Is longer prison sentences the only solution when it comes to dog attacks? Although many people arguably feel that those longer sentences are necessary in terms of preventing re-offending, it could also be argued that prevention all-together might be the way forward.

 

There is no doubt that some owners, not unlike the ones I mentioned above, have little interest for their pet and are guilty of owning a “status dog” for the sake of it, often with dramatic consequences. It is also possible that some breeds of dogs need more regulation than others, if only because of a potential risk due to their nature or ability to cause serious damage to other people or pets. But is banning a whole breed and sending bad owners to prison a definite solution? What about owners who simply are not educated enough (by lack of resources more than lack of interest) about the breeds themselves or how to best take care of them? Should they be classified in the same “bad owners” bracket as the others? What about the rise of unauthorised dangerous breed’s puppy sales and dog fighting clubs? Should there be more focus on preventing those from happening rather than having to take drastic measures when a problem has already occurred?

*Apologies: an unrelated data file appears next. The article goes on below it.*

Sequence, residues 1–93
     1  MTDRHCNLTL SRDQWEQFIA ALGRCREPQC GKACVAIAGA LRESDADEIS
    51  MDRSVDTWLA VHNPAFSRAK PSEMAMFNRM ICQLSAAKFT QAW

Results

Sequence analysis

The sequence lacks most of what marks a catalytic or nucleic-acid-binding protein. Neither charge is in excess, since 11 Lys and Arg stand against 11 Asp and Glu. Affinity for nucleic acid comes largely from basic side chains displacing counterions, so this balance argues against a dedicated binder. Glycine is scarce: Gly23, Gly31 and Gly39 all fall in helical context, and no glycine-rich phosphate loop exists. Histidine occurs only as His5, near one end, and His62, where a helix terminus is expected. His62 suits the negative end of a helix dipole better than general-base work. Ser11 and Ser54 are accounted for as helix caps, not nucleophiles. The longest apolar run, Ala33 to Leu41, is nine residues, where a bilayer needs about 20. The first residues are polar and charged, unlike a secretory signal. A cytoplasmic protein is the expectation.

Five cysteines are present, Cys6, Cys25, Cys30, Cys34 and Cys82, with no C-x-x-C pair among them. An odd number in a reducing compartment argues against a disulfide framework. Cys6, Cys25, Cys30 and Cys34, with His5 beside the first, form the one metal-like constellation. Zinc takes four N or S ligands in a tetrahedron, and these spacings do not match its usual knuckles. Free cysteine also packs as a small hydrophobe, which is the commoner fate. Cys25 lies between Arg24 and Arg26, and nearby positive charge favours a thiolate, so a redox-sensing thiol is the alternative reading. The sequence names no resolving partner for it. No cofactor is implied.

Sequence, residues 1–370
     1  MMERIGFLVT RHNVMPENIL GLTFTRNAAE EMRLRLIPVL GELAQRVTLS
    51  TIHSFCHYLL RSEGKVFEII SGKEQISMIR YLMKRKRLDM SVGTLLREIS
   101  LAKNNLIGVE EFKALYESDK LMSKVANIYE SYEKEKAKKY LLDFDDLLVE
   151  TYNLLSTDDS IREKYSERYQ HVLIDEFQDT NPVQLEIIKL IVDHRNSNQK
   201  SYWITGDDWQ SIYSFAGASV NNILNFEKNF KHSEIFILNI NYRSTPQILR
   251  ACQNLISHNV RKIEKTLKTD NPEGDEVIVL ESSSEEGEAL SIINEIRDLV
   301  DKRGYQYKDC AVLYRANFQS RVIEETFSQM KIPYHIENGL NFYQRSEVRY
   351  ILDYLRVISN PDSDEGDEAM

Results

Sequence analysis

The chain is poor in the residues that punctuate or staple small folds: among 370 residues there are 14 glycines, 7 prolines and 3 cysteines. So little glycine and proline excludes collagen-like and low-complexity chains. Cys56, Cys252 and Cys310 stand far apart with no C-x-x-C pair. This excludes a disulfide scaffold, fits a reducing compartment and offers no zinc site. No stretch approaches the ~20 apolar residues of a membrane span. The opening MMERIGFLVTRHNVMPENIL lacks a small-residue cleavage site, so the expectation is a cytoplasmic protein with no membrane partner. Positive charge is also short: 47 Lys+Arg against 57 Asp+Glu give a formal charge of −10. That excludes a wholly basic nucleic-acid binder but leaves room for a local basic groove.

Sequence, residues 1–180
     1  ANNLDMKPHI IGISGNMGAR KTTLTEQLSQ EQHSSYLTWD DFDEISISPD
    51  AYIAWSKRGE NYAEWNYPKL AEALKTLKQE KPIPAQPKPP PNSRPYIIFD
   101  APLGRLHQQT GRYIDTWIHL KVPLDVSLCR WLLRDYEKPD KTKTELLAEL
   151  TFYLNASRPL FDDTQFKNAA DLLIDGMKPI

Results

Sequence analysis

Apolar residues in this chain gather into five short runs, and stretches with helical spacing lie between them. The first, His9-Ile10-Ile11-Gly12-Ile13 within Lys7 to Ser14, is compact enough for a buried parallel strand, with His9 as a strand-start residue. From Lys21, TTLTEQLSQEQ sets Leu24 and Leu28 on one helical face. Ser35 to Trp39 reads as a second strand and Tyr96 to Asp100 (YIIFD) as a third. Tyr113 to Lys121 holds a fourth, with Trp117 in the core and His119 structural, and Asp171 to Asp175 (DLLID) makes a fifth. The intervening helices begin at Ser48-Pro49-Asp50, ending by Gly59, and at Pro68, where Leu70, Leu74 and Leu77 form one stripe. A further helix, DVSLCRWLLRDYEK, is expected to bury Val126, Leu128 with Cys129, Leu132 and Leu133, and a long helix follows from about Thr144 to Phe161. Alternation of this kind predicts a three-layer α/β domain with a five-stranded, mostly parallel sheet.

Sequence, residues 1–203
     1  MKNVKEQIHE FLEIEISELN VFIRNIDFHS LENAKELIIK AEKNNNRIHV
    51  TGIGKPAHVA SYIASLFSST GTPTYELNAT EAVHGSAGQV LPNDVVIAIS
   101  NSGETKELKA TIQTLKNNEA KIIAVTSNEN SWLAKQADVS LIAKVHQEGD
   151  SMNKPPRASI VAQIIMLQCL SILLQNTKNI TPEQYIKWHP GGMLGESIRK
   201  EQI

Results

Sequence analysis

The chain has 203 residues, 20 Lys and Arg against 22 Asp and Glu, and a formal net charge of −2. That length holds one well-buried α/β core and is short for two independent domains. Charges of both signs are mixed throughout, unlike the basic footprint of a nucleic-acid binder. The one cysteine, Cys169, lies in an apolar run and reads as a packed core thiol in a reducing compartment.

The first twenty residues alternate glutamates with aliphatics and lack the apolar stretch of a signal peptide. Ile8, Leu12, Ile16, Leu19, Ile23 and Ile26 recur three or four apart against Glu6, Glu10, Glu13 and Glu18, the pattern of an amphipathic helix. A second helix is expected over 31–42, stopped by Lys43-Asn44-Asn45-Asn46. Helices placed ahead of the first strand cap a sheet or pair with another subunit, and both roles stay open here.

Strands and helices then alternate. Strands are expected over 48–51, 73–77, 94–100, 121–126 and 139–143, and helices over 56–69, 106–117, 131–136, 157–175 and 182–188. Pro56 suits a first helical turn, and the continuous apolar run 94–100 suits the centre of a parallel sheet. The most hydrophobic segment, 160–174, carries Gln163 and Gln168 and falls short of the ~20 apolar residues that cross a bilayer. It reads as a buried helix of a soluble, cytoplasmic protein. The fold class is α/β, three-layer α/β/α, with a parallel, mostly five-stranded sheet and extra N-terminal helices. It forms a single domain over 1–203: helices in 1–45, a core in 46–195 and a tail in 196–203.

The question of who is responsible – the dog, the owner or the lack of measures in place by the authorities – and what solutions can be offered to avoid heart-breaking cases, such as the ones we have witnessed recently, to occur again is, without a doubt, going to continue to fuel more debates in the months to come.

What do you think should be done to change the situation? We want to hear your opinion on the subject.

 

 

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6 comments